China Watch Blog has learnt that a media official with the Ministry of Health who has made himself known to every journalist, if not every citizen, overnight by threatening reporters that the ministry would blacklist those that publish or broadcast “phony” food-scare reports.
A China Daily report said that by doing so, the official has made public the mindset of many officials vis-vis “trouble making” journalists.
The General Administration of Press and Publication (GAPP) stepped in on Monday to clean up the mess created by the official. The media watchdog announced that no organization or individual is allowed to stop journalists from doing their job or blacklist them. The GAPP conceded, though, that media supervision plays an indispensable part in promoting civil society and improving social management.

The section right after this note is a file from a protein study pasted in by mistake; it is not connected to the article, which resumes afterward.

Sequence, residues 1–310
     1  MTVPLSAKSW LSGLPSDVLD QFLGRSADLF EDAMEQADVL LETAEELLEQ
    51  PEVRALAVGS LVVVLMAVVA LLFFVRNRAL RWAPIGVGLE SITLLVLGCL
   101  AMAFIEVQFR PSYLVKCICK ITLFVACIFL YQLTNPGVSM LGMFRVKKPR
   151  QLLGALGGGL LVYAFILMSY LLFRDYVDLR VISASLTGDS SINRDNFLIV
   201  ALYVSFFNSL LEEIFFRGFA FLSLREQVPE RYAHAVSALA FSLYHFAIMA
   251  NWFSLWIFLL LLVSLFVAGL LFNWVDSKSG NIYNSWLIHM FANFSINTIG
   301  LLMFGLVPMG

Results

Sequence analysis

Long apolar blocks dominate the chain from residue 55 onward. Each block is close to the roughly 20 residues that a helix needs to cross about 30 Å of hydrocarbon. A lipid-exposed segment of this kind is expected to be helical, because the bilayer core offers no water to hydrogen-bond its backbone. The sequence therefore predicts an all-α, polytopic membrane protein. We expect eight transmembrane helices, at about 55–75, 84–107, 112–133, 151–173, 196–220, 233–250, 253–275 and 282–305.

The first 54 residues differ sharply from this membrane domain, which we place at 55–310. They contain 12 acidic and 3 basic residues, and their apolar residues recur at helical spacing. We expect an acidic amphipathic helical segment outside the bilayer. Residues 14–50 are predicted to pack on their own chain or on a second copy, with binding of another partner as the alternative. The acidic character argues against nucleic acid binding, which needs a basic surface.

On Wednesday, members of the National People’s Congress Standing Committee opened the issue of food safety to greater supervision by citizens, and suggested food safety level be upgraded to become part of national security.
Poor food quality raises some important issues on the relationship between the media and government organizations. Investigative journalism, though in its infancy in China, has made some officials uncomfortable. When reporters dig up the truth about social problems, some government departments and officials try to cover it up and blame journalists.
But the media are becoming a force for social good. Officials have realized that transparency is required during emergencies because journalists persistently filed detailed reports on the SARS epidemic in 2003.
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